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Lindsey Kuper

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What I will be doing this summer [Apr. 11th, 2010|06:16 am]
Lindsey Kuper

What a hypocrite I am! I make grand claims that I'm going to write about the internship interview process with radical transparency, but as soon as things get interesting, I evidently go right back to stony silence. Time to fix that.

As a programming languages researcher, I believe that a huge variety of software engineering problems can be fruitfully viewed as PL problems. I believe that at a lot of companies, over time, a standard-issue software engineering job can be made into a PL job, and maybe that will be my superpower someday. But this is a thirteen-week internship we're talking about, and that limits my choices a lot. For me, right now, thirteen weeks only seems like enough time if I know the job is PL-flavored from the start.

Happily, someone wants to give me such a job. I'm going to be working at GrammaTech this summer. They make static analysis tools that help people understand large software projects. They do a lot of work for organizations like NASA, where it's important that the code not be wrong. They're located in Ithaca, New York, which, I understand, is a beautiful place to spend the summer. A few people I know from the programming languages community have worked there. The internship itself seems promising: I think I'll learn a lot, and I really like all the folks there with whom I've had dealings so far. It looks like I will be working for Dave Melski on a software security-related project, which I think ties in neatly with some of the stuff I will be learning about with Amal eventually. I'll even get to hang out at Cornell and take a course this summer. Both work and the Cornell campus will be within walking distance of the apartment where I will be staying.

The thing about GrammaTech that really makes me excited, and that has been untrue of every other place I've interviewed, is that the very first question asked of me was "Tell me about your research." This is how researchers shake hands. It was exactly the question I wanted to be asked, and exactly the sort of thing that, for instance, Jane Street didn't ask.

I've had my eye on this internship for quite a while. (Putting "Scheme" on a job posting is a good way to get my attention; throw "compilers" on there, too, and I start salivating.) In fact, I applied shortly after I started grad school in fall 2008, hoping for a summer 2009 internship; I did the same at Streamtech and Jane Street. In each case, I got form letters of thanks and not much else. With another year of school under my belt, I applied at the same three places last fall for summer 2010. By that point, my application was apparently strong enough that all three of them wanted to talk to me, and I received offers from GrammaTech and Streamtech. To me, this is clear evidence that for me, grad school works, and that coming to grad school to study PL was the right thing for me to do. I wanted to have a shot at doing things like this, and it looks like I'm getting it. I'm very excited.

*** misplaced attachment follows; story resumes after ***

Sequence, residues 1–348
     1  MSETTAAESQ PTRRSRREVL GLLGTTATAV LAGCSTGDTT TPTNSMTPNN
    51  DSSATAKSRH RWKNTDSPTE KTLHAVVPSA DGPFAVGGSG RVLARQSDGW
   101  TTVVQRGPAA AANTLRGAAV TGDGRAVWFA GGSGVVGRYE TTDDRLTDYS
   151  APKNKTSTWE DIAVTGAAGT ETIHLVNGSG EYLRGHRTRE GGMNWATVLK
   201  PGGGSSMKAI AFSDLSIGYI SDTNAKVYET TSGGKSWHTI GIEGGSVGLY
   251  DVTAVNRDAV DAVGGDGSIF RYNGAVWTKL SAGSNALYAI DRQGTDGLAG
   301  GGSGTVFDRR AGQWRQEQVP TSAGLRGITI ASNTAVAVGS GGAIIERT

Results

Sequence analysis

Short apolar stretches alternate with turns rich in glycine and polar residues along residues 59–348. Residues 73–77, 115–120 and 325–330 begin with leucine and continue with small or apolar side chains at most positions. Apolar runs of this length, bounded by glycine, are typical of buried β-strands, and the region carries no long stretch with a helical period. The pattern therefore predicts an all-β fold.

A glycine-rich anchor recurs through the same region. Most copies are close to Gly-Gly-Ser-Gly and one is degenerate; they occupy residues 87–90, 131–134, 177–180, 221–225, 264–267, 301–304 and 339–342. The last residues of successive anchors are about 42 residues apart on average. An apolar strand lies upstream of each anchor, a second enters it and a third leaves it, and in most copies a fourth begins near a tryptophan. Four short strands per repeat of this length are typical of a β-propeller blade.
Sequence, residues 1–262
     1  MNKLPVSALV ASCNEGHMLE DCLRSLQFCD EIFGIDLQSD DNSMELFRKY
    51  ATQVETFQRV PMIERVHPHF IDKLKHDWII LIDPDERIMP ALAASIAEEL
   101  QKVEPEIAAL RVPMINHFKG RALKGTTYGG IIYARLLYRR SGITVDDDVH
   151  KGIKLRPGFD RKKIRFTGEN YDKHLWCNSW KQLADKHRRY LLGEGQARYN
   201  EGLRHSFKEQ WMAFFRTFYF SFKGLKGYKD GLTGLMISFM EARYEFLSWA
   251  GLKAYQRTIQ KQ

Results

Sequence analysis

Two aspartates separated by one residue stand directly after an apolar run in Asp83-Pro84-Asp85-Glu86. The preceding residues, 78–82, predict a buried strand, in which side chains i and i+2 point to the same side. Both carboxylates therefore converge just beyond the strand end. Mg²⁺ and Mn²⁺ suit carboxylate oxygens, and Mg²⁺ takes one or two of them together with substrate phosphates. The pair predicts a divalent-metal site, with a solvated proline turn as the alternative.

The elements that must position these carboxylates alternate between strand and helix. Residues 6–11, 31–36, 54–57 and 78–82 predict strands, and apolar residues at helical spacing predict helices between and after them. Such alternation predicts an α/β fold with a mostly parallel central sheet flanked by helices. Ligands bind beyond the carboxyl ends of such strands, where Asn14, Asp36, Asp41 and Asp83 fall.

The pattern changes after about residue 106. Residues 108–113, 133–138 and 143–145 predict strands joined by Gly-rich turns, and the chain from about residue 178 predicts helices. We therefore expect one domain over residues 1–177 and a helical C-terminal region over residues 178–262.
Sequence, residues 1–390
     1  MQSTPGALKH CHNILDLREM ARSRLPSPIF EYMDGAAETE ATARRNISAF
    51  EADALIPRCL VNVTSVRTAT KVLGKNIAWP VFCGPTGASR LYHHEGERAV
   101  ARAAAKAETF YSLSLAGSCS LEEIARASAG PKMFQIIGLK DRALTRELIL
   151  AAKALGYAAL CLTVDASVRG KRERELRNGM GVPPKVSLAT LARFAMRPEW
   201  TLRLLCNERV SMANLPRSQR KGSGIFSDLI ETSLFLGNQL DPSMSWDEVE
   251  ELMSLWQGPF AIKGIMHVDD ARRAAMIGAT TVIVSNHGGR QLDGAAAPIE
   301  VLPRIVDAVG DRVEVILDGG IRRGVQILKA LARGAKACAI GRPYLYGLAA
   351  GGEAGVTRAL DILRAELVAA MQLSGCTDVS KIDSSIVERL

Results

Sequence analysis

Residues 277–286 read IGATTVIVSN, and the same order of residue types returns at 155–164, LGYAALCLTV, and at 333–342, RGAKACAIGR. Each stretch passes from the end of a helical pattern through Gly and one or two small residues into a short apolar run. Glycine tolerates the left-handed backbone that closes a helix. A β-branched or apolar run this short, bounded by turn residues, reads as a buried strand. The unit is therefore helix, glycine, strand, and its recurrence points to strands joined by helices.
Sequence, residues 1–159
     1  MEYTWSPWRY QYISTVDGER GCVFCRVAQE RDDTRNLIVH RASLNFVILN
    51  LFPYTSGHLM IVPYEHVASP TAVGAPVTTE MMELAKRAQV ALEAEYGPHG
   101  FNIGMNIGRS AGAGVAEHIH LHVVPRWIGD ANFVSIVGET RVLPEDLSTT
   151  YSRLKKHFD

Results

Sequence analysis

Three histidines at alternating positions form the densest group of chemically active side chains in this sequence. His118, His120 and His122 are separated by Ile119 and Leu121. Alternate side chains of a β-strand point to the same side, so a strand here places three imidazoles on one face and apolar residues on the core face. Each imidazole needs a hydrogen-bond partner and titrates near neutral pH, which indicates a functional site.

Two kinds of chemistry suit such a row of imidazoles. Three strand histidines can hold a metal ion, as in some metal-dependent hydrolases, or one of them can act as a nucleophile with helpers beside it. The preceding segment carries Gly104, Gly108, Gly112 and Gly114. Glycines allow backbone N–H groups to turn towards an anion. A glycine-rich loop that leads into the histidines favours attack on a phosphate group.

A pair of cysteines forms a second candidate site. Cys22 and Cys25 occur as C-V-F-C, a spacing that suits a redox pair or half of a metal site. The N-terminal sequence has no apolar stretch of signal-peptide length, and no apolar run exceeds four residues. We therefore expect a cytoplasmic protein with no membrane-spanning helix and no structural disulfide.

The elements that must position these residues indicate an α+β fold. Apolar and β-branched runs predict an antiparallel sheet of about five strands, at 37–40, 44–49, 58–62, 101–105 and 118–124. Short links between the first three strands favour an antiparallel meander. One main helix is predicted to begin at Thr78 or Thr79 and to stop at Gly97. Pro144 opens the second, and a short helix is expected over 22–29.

[User Picture]From: floydcollins
2010-04-23 11:14 pm (UTC)
I don't know if you'd call it programming language research or not, but I do tons of DSL type things a lot. We have tons of data, and trying to figure out rational interfaces to them, and define the universe of queries, how they should feel, and the like, is part of the engineering work I do. I even wrote up some algebras around the operators to make sure that the way I was doing evaluation order actually made sense! So, I agree that lots of programming / dev jobs can probably be turned into more than that.... they're just *very rarely* advertised that way. If you're smart, and they're smart, and the problem is solved with a pl tool, you'll get to build it :)
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[User Picture]From: lindseykuper
2010-04-30 03:28 am (UTC)
Man, DSLs crop up all over the place, and often it seems to be an "oops, when did this become a DSL?" kind of thing. I'm really interested in this unintentional-DSL phenomenon. I wouldn't go so far as to say that there's necessarily more to the PL approach than to other people's preferred approaches, but it certainly seems like a lot of hard problems, like concurrency, benefit from being considered at the language level. My research so far has been less about language design and implementation than it has been about language theory, but ultimately I'd like to do all three.
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